Watershed at a Glance
The Rainy River - Headwaters watershed covers 1,890,689 acres. 3,531 lakes represent 267,654 of the watershed’s acreage and wetlands represent another 362,218 acres. The watershed starts in northern Cook and Lake Counties and flows west and northwesterly into St. Louis County and the Canadian border waters and Basswood Lake and the Rainy River. There are no large cities in this remote watershed. The total watershed population is 6,784 (fewer than three people per square mile). Ely (population 3,841) is the largest city within the watershed borders, and nearby Winton has just 158 residents.
|Hydrologic Unit Code:||09030001|
|Intensive monitoring start year:||2014|
|Major lakes||Major rivers and streams|
Burntside, Insula, Big, White Iron, Shagawa, Bear Island, Basswood, Snowbank, Sea Gull, Ash, Black Duck, Gunflint
Rainy, Isabella, South Kawishiwi, Little Isabella, Kawishiwi, Ash, Stony, Cross
This watershed’s upper two thirds is in the Border Lakes ecological sub-region and the lower third is in the Laurentian Uplands. The majority of this watershed is within the Boundary Water Canoe Area Wilderness (BWCAW) and Voyageurs National Park. This area features boreal forest on shallow soils over bedrock. The BWCAW and Voyageurs National Park are roadless, undeveloped country that is interconnected with lakes and rivers. No motors are allowed in the BWCAW which makes it uniquely suited to canoe and kayak travel with portages and some long hiking trails.
Wilderness recreation and national park tourism are the prime economic drivers due to the scenic beauty, camping, and fishing opportunities. The Superior National Forest is also part of this watershed. Federal lands make up over 90% of this watershed.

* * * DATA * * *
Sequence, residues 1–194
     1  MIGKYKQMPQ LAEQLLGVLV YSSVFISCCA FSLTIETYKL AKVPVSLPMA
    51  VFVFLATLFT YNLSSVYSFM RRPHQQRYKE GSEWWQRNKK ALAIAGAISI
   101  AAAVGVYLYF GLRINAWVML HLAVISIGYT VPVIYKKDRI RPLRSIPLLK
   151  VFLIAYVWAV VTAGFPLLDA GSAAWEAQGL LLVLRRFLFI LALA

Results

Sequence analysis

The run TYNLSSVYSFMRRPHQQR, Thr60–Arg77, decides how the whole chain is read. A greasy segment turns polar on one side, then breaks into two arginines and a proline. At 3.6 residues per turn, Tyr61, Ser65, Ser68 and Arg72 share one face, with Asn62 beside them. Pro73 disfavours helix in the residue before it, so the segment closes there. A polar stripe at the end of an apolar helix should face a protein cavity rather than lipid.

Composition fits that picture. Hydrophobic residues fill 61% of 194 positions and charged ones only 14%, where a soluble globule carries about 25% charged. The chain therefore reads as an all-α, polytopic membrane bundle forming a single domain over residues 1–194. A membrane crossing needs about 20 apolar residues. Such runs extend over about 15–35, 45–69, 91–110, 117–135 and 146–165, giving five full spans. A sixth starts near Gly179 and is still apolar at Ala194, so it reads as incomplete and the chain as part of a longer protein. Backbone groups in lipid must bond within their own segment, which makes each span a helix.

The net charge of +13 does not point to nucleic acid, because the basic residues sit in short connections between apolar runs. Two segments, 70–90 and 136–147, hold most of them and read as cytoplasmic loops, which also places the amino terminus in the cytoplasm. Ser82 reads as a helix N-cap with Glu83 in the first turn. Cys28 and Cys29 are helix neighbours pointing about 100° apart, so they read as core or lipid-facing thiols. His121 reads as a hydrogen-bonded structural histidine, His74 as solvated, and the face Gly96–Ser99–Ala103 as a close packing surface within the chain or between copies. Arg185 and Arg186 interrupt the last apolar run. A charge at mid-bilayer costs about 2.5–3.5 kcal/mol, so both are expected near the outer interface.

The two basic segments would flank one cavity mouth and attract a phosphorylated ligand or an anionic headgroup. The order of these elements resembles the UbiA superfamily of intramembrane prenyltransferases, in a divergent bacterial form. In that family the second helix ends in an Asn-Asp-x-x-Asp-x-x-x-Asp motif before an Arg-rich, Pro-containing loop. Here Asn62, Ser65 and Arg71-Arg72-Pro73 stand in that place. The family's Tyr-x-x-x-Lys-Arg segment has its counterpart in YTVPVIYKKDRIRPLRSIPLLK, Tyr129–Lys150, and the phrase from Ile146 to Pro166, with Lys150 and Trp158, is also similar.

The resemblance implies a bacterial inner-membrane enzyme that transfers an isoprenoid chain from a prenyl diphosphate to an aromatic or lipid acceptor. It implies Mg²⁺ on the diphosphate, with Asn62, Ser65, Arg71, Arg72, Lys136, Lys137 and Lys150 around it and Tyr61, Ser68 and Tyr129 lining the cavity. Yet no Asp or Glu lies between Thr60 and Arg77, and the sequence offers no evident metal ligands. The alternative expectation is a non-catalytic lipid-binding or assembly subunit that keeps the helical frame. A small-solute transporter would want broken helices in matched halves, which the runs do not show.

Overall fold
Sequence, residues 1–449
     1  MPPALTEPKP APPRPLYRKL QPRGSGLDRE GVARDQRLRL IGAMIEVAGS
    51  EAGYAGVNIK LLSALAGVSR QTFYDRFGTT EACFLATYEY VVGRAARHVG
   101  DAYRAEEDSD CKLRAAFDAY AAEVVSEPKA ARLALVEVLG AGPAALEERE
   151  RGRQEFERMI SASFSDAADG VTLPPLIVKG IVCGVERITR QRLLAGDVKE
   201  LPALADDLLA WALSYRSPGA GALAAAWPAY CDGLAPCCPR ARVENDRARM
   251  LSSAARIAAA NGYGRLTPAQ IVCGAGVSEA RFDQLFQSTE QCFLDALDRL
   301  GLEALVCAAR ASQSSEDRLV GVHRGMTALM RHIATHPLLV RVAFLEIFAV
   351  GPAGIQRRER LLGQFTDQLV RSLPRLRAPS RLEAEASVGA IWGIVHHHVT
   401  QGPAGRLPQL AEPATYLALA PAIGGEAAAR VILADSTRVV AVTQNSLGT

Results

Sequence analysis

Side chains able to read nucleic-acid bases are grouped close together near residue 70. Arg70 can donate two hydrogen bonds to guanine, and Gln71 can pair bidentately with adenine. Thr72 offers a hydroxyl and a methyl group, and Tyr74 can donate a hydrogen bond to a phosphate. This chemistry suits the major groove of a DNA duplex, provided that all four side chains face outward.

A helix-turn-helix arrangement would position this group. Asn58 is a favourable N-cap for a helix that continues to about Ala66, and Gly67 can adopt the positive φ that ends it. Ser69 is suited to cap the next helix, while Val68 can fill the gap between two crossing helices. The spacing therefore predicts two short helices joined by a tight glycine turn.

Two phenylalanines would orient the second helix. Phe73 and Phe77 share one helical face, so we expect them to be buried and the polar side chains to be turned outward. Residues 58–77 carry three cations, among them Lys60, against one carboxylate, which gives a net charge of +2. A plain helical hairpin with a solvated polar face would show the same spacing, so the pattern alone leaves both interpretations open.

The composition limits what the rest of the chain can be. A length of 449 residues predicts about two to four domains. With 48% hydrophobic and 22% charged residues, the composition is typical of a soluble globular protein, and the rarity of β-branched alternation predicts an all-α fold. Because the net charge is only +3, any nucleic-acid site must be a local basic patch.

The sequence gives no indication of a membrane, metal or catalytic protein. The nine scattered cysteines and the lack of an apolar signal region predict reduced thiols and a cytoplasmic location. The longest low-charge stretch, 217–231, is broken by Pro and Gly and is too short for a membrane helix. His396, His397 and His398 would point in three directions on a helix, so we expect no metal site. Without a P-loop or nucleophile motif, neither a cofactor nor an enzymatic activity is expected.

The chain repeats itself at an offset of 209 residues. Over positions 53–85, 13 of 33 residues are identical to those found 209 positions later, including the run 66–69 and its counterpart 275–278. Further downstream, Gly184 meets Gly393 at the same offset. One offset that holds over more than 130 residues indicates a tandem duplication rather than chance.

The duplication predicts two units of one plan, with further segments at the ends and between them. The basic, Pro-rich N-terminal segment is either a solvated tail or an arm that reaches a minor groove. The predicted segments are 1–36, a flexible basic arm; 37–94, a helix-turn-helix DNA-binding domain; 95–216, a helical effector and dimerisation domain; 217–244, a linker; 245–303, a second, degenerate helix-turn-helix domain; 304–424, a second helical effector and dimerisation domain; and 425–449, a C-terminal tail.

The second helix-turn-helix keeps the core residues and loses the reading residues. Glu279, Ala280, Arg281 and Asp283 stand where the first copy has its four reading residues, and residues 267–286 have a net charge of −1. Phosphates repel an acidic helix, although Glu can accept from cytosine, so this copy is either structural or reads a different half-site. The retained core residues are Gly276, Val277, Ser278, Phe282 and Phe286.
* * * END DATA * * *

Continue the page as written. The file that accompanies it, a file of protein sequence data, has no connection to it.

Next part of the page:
Logging occurs outside the BWCAW and the national park. Some mining activity has occurred in the southern area. Additional lands are currently being explored for mining.
What's being done
Since 2005, the MPCA began working with volunteers from the White Iron Chain of Lakes Association (WICOLA) to monitor four of the lakes in the Kawishiwi River system using the protocols of the Clean Lakes Monitoring Program Plus.
In 2010, WICOLA applied for a state Clean Water Legacy Act grant with Lake County serving as the fiscal agent. They were awarded a $225,000 grant and another Clean Water Partnership grant for $174,500 in early 2011. These grants have expanded water quality monitoring through more of the watershed. This research and monitoring for water quality, invasive species, failing septic systems, and sensitive areas, has provided information for outreach to partners and citizens, and ultimately produced a watershed management plan for the Kawishiwi portion of the Rainy River Headwaters.
In 2014, the state’s intensive watershed monitoring 10-year cycle began in this watershed. The MPCA and its partners will be monitoring dozens of lakes and streams to assess water quality for two years. That data will be assessed to determine whether these waters are meeting water quality standards. Protection or restoration strategies will be developed as appropriate. Implementation begins with the Board of Water and Soil Resources and their local partners. At the end of the 10-year cycle, the process starts over to see what has changed.